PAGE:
The Duke and Duchess of Cambridge have pledged to make a second donation to the Disasters Emergency Committee appeal in Ukraine as they praised the DEC’s “incredible” total, which has surpassed £300million.
William and Kate applauded the generosity of the British public, with the Duke highlighting how the enormous sum was raised amid the difficult financial situation of many.
During a visit to the DEC’s London offices, the Duke told staff seated at their desks: “We said against the backdrop of the cost of living crisis you raised £300m in eight weeks – that’s incredible.”
The couple video-chatted with senior aides from DEC affiliates, who painted a bleak picture of the situation in Ukraine.
Rachel Cummings, Save The Children’s health director, phoning from a sidewalk cafe between Kyiv and Lviv, told the royals “the scale and complexity of the crisis is challenging”.
In a personal conversation with a group of helpers who had returned from the region, William brought the sobering conclusion: “We need fewer disasters in the world”.
DEC Chief Executive Saleh Saeed said after the visit: “They were very excited to see how the appeal was going and were thrilled to hear that we were going to raise over £300m and cemented in their minds the goodwill, the response and the generosity of the British public.”
He added the couple were so “thrilled” after their visit that they “planned” a second donation after attending the appeal earlier in the year.
Mr Saeed said: “I think people have obviously been moved by what they’ve seen on the news and they want to help and people are feeling helpless in a way.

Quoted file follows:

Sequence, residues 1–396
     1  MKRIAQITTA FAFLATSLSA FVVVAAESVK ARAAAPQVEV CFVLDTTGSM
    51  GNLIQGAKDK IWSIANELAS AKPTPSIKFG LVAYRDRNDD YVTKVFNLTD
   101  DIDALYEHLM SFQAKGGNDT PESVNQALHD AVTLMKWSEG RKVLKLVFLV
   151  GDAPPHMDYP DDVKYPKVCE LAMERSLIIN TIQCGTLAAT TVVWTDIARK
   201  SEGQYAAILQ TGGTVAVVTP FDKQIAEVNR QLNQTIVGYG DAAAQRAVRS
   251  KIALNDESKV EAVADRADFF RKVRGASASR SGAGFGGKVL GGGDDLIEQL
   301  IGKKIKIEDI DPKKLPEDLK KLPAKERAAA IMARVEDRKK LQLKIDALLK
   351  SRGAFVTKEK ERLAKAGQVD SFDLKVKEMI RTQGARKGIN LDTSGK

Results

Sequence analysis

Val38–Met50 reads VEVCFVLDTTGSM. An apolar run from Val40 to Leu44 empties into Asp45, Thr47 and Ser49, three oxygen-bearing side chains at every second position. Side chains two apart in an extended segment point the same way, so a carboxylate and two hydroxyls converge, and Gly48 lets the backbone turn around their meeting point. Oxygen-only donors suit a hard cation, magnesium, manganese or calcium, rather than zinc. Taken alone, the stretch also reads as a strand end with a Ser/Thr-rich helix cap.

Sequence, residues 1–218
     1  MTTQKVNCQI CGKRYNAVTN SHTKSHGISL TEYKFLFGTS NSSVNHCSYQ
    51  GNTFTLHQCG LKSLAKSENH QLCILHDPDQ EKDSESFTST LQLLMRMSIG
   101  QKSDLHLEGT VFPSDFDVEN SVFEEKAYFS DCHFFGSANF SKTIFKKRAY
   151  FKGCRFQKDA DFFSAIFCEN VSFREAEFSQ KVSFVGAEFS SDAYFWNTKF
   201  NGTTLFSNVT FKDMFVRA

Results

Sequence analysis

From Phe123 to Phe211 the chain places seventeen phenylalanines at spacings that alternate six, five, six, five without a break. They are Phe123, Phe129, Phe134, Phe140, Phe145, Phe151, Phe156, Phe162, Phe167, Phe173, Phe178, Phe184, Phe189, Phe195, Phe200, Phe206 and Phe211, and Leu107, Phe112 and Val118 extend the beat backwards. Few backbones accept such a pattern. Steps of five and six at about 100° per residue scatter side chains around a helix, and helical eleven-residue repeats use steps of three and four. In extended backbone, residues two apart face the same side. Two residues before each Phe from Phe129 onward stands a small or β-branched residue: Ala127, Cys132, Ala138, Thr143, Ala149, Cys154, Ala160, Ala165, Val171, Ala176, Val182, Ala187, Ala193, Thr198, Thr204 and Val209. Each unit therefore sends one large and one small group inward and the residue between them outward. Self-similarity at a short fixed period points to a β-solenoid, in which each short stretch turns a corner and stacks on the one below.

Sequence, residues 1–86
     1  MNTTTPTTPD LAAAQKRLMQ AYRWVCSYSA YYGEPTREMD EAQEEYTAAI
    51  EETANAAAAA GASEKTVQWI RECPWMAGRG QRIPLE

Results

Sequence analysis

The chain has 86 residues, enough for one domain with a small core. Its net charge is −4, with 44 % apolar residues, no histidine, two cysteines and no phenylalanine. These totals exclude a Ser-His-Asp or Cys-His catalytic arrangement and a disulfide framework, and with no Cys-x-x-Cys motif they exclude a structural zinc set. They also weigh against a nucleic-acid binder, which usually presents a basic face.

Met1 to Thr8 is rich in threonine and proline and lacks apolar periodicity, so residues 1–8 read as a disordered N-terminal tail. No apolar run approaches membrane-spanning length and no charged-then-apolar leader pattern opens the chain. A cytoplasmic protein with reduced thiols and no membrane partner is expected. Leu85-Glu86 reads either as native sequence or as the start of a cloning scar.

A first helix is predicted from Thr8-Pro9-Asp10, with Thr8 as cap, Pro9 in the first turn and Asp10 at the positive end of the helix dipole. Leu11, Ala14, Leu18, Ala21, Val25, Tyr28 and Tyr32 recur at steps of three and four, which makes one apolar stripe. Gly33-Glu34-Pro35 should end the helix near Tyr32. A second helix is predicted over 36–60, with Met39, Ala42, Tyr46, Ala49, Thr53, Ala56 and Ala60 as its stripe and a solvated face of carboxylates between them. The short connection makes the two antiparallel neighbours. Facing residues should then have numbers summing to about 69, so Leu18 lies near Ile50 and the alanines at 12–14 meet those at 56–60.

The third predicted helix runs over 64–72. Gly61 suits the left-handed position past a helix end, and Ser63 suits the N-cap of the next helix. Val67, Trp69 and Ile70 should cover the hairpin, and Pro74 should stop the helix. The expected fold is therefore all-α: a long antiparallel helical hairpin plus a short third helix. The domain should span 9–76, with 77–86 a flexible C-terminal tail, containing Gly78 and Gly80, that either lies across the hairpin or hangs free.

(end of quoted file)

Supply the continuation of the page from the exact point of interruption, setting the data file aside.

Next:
“The need in Ukraine and the surrounding countries is huge. The £300m is obviously a huge amount of money and we are very grateful for that, but we also have to remember that there are other crises around the world.
“And while the focus remains on Ukraine for the moment, we still have an appeal open in Afghanistan which has raised £44m, we are concerned about the famine in the Horn of Africa, global hunger is rising and the World Bank has issued a warning today rising food prices could push millions into poverty.”
William and Kate received a private briefing on the work of the DEC when they first arrived at headquarters near Islington.
The umbrella organization of 15 leading UK aid organizations is supporting some of the seven million internally displaced Ukrainians and the five million who fled the country after the Russian invasion.
The couple then took part in a video call with three helpers – Ms Cummings from Save The Children; Giuliano Stochino Weiss, Head of Emergency Response for Hungarian Interchurch Aid, one of Christian Aid’s partners, who is in Lviv; and Alexander Matheou, Special Representative of the Red Cross of the International Federation in Ukraine, who is in Vinnitsa.
William asked the group, “I just want to get a little bit of what the scene is like, what the situation is out there… what are you seeing at the moment and how are things on the ground?”
Mr Stochino Weiss told them: “I entered Ukraine on the third day of the conflict, it was really heartbreaking to see mothers and fathers and children, fathers saying goodbye to their children because they had to leave the country.
“Lviv used to be a safe city, that changed on Monday with the massive rocket attacks 4 km from the office, so the situation is constantly changing and I would say it’s getting worse.”
Ms Cummings told William and Kate how she was in Ukraine for about three weeks, traveling between Lviv and Kyiv and to Odessa: “There is a major population displacement going on and Save The Children is deeply concerned about the children affected by this crisis.
“The numbers are staggering, around three and a half million children are now refugees. It is a challenge for us to support and scale this.”
The Duke asked the group of high-level aides: “We have been watching and hearing a lot about Mariupol and what is happening, which sounds like a really terrible situation. Do any of you have any idea how bad it is and have any of you been able to get help?
Ms Cummings replied: “I met the deputy mayor of Mariupol who was just telling us some horrific stories of people who have left and people who have not been able to leave.
“It’s a very challenging issue and it’s a high priority in the news, but Mariupol-plus is the challenge because there are other areas in Ukraine that may not be as badly affected but where people are in need.”